PHL: No. 129th in 2011 corruption survey
FULL DISCLOSURE - Fidel O Abalos () - February 13, 2012 - 12:00am

A night away, the 14th, is the most important date of the month of February. This day emphasizes the significance of the widely regarded cupid’s month of February. As folklore suggests, it is the month cupid perpetually nurtured as lovers’ month; a month of peace; a month of mutual assurances; and a month where truths are revealed in whispers. 

However, on the contrary, by all indications, cupid completely abandoned us this month. As felt, instead of romantic whispers, we heard ugly shouting matches in the impeachment trial; instead of assurances of safety, we chilled on alleged death threats; and instead of government’s allegations of providing protection to its citizens and foreign nationals alike, we heard claims of kidnapping.

The timing maybe off but timing isn’t truth’s concern. It seeks its own path without fear. In fact, it reveals itself in many forms. There are thousands that come in audit reports, hundreds from the losing bidders, a handful from well-meaning citizens as whistleblowers, fewer-than-expected testimonies of bank executives on huge deposits by high ranking government officials and a pinch from some seemingly self-righteous lawmakers a.k.a politicians. 

The general public, however, treat truths differently. Some are factual but are taken for granted. A few are unfounded allegations but are embraced upon as gospel truth. Whatever the motivations are, one thing is certain, every session (senate and congress) or hearing in the impeachment court is an opportunity to make one’s face recognizable for re-election. Thus, assertions as to one’s honesty and authenticity of one’s allegations as well as their ways of handling the investigations or impeachment court hearings are ostensibly filled with biases and are to be taken with caution.

Therefore, in dealing with these allegations, first and foremost, we must deal with educated perceptions and results of factual examinations. On perceptions, there is one significant survey that we can deal with. The Corruption Perceptions Index (CPI) of Transparency International (TI). TI defines corruption as “the abuse of public office for private gain”. Guided by this definition, TI’s corruption surveys “draw on assessments and opinion surveys carried out by independent and reputable institutions. These surveys and assessments include questions related to the bribery of public officials, kickbacks in public procurement, embezzlement of public funds, and the effectiveness of public sector anti-corruption efforts”.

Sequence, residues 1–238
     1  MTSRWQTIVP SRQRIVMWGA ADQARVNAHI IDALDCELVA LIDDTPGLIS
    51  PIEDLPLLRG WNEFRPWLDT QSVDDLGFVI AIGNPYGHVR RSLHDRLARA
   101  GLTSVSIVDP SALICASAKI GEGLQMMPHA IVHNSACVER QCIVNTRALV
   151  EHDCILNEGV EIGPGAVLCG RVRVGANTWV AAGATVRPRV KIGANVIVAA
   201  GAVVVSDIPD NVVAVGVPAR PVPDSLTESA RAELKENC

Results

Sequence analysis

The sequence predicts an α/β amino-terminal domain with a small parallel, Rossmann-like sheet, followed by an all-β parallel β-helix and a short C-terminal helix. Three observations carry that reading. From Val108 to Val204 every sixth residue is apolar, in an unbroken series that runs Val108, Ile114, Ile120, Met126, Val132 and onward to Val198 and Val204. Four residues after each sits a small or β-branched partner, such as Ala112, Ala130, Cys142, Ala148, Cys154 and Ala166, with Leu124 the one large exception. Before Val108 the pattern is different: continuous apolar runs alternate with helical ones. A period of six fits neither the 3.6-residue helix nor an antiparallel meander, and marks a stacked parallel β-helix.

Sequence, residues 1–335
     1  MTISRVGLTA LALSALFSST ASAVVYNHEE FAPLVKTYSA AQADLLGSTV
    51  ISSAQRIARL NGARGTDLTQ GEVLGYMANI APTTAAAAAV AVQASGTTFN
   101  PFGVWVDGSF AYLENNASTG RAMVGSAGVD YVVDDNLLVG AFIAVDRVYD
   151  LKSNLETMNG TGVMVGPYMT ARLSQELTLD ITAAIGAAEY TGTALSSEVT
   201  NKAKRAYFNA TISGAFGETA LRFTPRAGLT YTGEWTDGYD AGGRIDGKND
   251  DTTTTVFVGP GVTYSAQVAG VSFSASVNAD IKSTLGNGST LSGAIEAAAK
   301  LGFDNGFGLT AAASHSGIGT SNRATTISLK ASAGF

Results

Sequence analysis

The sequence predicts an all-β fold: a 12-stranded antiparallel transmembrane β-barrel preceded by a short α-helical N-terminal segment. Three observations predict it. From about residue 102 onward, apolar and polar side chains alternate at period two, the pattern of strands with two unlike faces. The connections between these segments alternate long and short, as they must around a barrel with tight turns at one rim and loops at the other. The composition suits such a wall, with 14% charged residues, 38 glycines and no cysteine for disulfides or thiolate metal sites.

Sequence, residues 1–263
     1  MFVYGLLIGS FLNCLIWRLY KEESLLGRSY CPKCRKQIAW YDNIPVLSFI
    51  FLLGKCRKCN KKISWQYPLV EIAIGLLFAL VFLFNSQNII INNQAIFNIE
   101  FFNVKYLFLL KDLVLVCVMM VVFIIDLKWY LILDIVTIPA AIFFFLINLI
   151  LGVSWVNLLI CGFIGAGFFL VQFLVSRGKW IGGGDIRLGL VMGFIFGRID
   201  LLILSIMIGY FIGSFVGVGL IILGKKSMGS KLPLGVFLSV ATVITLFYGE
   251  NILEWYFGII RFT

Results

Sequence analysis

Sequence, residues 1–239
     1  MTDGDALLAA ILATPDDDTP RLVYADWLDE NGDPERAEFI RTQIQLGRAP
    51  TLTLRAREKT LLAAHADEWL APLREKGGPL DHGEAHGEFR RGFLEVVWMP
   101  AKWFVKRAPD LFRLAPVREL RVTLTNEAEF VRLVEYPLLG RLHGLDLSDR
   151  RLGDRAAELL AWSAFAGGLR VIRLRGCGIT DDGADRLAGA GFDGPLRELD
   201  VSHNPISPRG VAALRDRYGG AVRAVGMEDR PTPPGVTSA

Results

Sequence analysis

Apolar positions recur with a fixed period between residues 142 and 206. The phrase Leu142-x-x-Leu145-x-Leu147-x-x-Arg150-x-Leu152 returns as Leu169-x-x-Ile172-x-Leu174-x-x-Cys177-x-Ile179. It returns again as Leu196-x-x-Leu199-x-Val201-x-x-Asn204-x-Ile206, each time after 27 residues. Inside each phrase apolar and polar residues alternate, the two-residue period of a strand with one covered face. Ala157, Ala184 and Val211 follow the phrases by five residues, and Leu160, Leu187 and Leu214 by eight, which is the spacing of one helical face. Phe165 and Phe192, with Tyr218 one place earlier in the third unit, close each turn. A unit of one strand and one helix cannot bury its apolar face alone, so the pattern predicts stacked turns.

Based on such criteria, the 2011 CPI survey (which included 183 countries) ranked the Philippines at 129. Though we are five (5) rungs better than last year’s 134th, undeniably, we are still among the cellar dwellers. If there is any consolation, we were in a tie with the civil war-torn Syria and several notches higher than the politically unstable African countries like, Chad and Kenya, the war-ravaged countries like Afghanistan, Libya and Iraq, the reclusive country of North Korea and the lawless country of Somalia.

To recall, since early 2008 we have had sensational cases involving billions of pesos. For one, who will ever forget Joey de Venecia’s allegations of rigged bidding of the ZTE’s broadband deal? With the reinforcement of Rodolfo “J-Lo” Lozada’s testimonies on the NBN and Southrail projects’ kickbacks, such claims should have been credible. To the country’s dismay, the senate investigation led us nowhere. Then, as the 2010 election neared, some senators cried over Villar’s manipulation of the C-5 deal. While, he lost in his presidential bid, the allegations never went a step farther. Then, in 2010, the Armed Forces of the Philippines (AFP) took the center-stage of yet another broiling controversy. Whether these investigations will lead us to unbiased conclusions, we do not know. What is certain is, aside from one casualty in former DENR Sec. Angelo Reyes, and impeachment hearings of the senate, these investigations will just drag on until the 2013 election, then a day after, will be blown to oblivion.

On the other hand, there are hundreds of factual reports from the Commission on Audit (COA). Frustratingly, however, never did we hear any of these reports reaching both houses of congress in the same interest as some senators’ allegations of Villar’s manipulation of the C-5 deal, Joey de Venecia’s allegations of rigged bidding of the ZTE’s broadband deal, the AFP Generals’ “paba-on” or Chief Justice Corona’s unexplained wealth.